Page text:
'(2). Every person who immediately before the appointed day is serving in connection with the affairs of an existing State part of whose territories is transferred to another State by the provisions of Part II shall, as from the that day, provisionally continue to serve in connection with the affairs of the principal successor State to that existing State, unless he is required by general or special order of the Central Government to serve provisionally in connection with the affairs of any other successor State'.

Under the provisions contained in sub-section (2) of section 115, all persons who are serving in connection with the affairs of the previously existing State of Bombay came to be provisionally allotted to serve in connection with the affairs of the newly constituted State of Bombay except to the extent that the Central Government had, by general or special order, required some of them to serve provisionally in connection with the affairs of the successor State of Rajasthan or the successor State of Mysore. Under the aforesaid provisions, some of the persons serving in connection with the previously existing State of Hyderabad came to be provisionally allotted to the successor State of Bombay by reason of orders passed by the central Government. Under the aforesaid provisions, some of the persons who are serving in connection with the affairs of the previously existing State of Madya Pradesh came to be provisionally allotted by the Central Government to serve in connection with the affairs of the newly State of Bombay. As a result of the provisions contained in the sub-section (1) and (2) of section 115 persons who were serving in different States came to serve in connection with the affairs of the newly formed State of Bombay. Some of those persons, namely, those who were formerly serving in connection with the affairs of the State of Kutch and the State of Saurashtra came to be permanently allotted to serve in connection with the newly formed State of Bombay. Others were provisionally allotted to serve in connection with the affairs of the newly formed State of Bombay.

(4). Sub-section (3) of section 115 provides as under:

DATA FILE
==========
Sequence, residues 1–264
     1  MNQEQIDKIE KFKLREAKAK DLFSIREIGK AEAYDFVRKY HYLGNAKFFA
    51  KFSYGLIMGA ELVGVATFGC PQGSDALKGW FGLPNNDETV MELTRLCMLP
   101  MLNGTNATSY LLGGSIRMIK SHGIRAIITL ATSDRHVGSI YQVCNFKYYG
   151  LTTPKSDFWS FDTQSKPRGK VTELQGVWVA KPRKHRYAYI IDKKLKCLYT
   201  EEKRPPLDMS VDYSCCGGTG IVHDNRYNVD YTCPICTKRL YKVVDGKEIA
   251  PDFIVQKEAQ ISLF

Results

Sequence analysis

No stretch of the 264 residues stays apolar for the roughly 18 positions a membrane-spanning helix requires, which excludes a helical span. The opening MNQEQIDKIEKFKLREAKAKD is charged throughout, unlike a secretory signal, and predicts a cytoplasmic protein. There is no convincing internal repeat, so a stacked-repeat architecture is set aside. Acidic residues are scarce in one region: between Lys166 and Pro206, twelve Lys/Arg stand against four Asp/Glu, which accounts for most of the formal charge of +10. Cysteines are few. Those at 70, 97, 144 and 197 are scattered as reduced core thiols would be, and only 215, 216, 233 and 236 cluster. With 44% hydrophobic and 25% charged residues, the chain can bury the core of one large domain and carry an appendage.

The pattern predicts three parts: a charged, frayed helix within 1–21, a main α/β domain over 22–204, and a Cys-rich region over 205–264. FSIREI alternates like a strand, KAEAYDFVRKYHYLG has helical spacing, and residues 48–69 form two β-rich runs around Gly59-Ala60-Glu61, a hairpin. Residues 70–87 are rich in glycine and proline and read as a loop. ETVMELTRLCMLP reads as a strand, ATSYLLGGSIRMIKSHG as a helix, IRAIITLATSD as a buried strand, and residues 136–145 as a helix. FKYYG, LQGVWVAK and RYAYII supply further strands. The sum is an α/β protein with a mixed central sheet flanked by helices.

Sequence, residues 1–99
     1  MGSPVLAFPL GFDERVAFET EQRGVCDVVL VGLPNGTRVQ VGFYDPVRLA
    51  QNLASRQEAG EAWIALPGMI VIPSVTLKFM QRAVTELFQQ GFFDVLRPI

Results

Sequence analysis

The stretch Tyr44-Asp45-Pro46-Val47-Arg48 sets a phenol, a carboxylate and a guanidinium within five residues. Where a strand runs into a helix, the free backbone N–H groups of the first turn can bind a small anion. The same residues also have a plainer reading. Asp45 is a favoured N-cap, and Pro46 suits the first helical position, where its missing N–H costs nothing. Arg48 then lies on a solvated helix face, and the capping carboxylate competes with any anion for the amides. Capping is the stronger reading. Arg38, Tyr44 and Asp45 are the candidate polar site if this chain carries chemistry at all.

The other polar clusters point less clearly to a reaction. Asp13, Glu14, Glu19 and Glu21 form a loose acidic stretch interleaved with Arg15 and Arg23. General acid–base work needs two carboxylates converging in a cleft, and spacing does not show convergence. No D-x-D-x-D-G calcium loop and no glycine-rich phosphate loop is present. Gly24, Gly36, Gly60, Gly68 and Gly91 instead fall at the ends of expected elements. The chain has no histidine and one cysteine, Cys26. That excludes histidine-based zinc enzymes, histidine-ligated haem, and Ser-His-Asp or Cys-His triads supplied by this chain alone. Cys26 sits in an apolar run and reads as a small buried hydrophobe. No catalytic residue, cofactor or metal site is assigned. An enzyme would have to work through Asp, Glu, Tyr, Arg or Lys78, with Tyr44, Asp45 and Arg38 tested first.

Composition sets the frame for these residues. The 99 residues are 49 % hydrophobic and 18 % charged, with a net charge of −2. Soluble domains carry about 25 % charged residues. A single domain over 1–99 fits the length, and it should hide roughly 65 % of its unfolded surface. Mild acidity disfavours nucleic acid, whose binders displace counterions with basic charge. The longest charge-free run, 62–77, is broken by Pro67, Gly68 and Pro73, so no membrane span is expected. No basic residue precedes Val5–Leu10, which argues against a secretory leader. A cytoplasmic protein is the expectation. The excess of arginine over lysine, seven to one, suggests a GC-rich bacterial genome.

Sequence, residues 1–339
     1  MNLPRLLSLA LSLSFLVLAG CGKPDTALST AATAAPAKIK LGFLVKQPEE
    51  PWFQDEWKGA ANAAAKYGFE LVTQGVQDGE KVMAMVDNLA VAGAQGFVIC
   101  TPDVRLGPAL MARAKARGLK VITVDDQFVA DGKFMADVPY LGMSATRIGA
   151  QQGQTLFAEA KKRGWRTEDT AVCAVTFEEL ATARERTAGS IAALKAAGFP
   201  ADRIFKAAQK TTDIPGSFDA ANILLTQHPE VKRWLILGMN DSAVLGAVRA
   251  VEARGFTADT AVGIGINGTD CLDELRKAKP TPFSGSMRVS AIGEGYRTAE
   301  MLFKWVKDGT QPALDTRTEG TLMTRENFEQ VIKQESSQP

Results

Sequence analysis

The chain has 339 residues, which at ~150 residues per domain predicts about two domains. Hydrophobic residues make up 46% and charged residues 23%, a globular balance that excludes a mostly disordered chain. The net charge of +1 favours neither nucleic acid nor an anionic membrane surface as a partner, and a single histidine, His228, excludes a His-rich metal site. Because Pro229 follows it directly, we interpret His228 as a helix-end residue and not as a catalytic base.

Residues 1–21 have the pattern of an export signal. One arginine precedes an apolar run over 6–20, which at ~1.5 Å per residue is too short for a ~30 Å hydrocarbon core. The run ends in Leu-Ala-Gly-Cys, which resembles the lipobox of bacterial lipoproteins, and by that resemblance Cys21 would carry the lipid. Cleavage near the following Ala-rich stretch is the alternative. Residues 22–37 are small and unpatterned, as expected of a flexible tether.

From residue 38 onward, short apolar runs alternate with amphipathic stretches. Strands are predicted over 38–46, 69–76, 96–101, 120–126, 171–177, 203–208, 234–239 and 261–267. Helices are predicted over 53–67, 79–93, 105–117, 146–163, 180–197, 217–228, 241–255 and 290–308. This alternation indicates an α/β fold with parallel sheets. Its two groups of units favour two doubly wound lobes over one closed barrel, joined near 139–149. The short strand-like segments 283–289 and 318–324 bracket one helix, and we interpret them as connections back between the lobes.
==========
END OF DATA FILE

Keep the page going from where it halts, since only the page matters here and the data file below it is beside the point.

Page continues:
'(3) As soon as may be after the appointed day, the Central Government shall, by general or special order determine the successor State to which every person referred to in sub-section (3) shall be finally allotted for service and the date with effect from which such allotment shall take effect or be deemed to have taken effect'.

We are informed by the learned Attorney General that the Central Government has passed orders of final allotment in exercise of the powers of conferred by the section in the year 1961.

(5) Then comes sub-section (4) of section 115, which provides as under : --

'(4) Every person who is finally allotted under provisions of sub-section (3) to a successor State shall, if he is not already serving therein be made available for serving in that successor State from such date as maybe agreed upon between the Government concerned, and in default of such agreement, as may be determined by the Central Government'.

So far, the provision of section 115 have presented no difficulty and there is no dispute between the parties in connection with the same. Then follows sub-section (5) of section 115 in connection where with there is a wide divergence of opinion. That sub-section run as follows : --

'(5) The Central Government may by order establish one or more Advisory Committees for the purpose of assisting it in regard to -

(a) the division and integration of the services among the new States and the States of Andhra Pradesh and Madras; and

(b) the ensuring of fair and equitable treatment to all persons affected by the provisions of this section and the proper consideration of any representation made by such persons'.

We shall discuss these provisions later on when considering the various arguments advanced in connection therewith - sub-section (6), which follows, provides as under -

'(6) The foregoing provisions of this section shall not apply in relation to any person to whom the provisions of section 114 apply'.

Sub-section (7) runs as under :--

'(7) Nothing in this section shall be deemed to affect after the appointed day the operation of the provisions of Chapter I of Part XIV of the Constitution in relation to the determination of the conditions of service of persons serving in connection with the affairs of the Union of India or any State.